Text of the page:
​​Hunter Valley Brumby Association

The next day we returned for Storm and Amy. The new adjustments that had been made to the yards meant they loaded easily, and travelled really well. When we got home we decided to keep the two stallions seperated because they had been fighting the day before in the trap yards, so Pearl and Ghost were placed in one yard with Amy and Storm next door. With all the Brumbies home we were able to take the time to watch them. We realised that Pearl was much more Pregnant than we had initially thought. We wondered how far away her baby would be, and spoke about how lovely it would be for it to grow up away from the craziness of the Army base. 


A week went by and the Singleton Brumbies were not settling in as well as normal. Storm was refusing to drink and had lost so much weight. You could tell just by looking at him how dehydrated he was, and although we had tried everything, fresh rainwater from the tank in a bucket, then in a puddle on the ground, dirty damn water in a bucket, both dirty and clean water in a trough, running water from the hose, you name it, we had tried it, but we were finding out the truth behind the phase "you can lead a horse to water but you can't make it drink". Luckily he was loving his hard feed so we were wetting it right down to get as much moisture into him as we could, but it was still a major stress. If we had needed to put a drip in him, he could have died from the stress. This is one of the hardest aspects of working with wild animals, administering vetrinary treatment can be very tricky and really must only be done if all else fails. We couldn't decide if we should keep him in the yards to monitor his fluid intake closely, or just let him out and hope he would find the water on his own once we was feeling less pressured.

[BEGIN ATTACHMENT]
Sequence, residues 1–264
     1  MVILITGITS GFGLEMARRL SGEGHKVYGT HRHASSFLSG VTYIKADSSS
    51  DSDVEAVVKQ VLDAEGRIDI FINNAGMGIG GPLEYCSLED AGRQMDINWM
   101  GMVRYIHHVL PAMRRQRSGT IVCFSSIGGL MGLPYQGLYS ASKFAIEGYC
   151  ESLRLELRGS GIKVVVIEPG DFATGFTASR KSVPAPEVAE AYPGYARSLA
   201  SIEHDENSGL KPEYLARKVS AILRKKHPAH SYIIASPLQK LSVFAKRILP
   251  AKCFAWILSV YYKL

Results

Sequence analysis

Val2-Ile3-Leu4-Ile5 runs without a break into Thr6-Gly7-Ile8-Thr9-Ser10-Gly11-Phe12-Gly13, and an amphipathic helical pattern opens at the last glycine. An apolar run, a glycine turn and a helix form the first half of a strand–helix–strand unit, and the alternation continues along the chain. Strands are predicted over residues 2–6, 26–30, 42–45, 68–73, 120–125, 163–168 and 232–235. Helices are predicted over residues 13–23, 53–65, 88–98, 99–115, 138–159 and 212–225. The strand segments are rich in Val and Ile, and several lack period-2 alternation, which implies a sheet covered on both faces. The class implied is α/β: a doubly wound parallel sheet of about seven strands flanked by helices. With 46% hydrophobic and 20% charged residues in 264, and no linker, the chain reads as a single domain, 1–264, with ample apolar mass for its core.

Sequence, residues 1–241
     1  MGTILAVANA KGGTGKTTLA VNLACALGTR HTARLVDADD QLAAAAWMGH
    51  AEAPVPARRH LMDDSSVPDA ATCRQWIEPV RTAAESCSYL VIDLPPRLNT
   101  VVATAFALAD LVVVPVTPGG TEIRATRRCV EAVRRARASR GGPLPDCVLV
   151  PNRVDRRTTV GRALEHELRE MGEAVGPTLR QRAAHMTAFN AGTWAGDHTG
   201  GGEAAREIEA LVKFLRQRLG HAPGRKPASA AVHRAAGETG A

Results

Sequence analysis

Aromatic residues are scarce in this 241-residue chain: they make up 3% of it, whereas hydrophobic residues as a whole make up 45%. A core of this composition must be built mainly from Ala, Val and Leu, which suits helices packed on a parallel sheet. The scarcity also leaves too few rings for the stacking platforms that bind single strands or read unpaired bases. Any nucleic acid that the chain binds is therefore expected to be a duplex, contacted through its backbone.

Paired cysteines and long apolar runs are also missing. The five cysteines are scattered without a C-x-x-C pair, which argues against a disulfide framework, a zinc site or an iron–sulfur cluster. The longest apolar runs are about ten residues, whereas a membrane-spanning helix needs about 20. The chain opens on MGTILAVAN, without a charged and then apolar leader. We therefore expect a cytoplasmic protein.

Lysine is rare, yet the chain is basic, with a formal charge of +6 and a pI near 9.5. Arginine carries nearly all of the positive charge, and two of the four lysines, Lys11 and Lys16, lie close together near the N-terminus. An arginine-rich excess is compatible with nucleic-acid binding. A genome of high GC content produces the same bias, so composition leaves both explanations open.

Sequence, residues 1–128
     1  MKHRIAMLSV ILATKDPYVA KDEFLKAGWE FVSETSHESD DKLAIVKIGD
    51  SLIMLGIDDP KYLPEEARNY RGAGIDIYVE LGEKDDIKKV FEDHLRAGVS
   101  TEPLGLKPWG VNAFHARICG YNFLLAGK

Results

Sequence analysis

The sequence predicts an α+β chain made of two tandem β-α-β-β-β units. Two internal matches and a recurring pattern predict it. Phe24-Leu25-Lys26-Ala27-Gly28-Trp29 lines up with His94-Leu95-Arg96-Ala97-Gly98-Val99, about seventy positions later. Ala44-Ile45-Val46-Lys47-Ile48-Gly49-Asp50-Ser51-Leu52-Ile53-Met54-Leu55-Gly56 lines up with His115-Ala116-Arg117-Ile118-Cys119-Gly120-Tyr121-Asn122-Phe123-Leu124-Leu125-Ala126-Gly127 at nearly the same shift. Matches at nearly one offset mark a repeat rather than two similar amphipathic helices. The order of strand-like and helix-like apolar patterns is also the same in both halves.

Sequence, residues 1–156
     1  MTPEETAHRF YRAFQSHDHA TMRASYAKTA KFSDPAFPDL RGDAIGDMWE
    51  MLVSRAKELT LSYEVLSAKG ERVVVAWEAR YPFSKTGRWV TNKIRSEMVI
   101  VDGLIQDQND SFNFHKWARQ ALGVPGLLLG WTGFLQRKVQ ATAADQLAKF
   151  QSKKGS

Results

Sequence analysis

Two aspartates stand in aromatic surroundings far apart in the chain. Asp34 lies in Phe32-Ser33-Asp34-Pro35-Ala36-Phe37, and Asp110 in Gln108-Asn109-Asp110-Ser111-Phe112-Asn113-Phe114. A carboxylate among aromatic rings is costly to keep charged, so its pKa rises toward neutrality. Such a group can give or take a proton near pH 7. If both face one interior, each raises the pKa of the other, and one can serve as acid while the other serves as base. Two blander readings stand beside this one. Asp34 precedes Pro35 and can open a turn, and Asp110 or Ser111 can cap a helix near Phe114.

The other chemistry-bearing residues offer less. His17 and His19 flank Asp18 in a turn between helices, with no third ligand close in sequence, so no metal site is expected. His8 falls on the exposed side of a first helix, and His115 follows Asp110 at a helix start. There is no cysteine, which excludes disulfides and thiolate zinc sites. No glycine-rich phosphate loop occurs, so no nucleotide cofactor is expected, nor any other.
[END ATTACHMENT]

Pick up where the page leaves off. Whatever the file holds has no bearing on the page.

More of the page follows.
The biggest problem with this second idea was that we like to give our Brumbies time to settle down before letting them out into a bigger paddock where they could potentially get a run up and clear, or worse get tangled in the fences. This usually takes some where between one and two weeks, but these Brumbies were just not Settling. By this late stage other Brumbies would be waiting at the fence for their hay each morning, some would even be calling out to us by now, and others would be starting to come over for a sniff. The Singleton Brumbies were still flying to the back of the yards as soon as they could see us. We were petrified what would happen if we let them out. Would they just run flat out at the fences, would they know to stop, would they injure themselves, what if they escaped, there would be no getting them back... We decided to give him a few more days, then that night, we got a phone call. The last mare from this sector had been trapped, could we come and get her the next day.

After Storm's death, Jasmine and Amy were introduced to Pallano, one of our calm, kozi geldings, to try and help the adjust better to domestic life. Pearl and Ghost were still together and although starting to settle down, would still run to the other end of the paddock as soon as we walked into it. Amy had her first introduction to training in November but she was extremely frightened and training session needed to be short and gentle. Jasmine was looking very pregnant at this stage and so Amy was moved back in with Pearl and Ghost as she had shown a little too much interest in baby Raine and we didn't want her to hurt Jasmine's baby when it was born. Mack was introduced to Pearl, Amy and Ghost to try and help them adjust to domestic life, and Jasmine remained with Pallano, who she had begun to trust. 

Saving the Singleton Brumbies